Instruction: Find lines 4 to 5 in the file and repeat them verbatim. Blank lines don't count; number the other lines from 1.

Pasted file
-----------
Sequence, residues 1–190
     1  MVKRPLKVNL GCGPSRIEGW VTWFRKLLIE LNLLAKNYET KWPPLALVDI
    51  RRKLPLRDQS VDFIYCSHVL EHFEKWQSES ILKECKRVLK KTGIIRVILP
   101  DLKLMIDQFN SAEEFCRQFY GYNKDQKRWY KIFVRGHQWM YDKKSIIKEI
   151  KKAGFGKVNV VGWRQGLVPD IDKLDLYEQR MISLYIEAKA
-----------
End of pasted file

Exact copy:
   101  DLKLMIDQFN SAEEFCRQFY GYNKDQKRWY KIFVRGHQWM YDKKSIIKEI
   151  KKAGFGKVNV VGWRQGLVPD IDKLDLYEQR MISLYIEAKA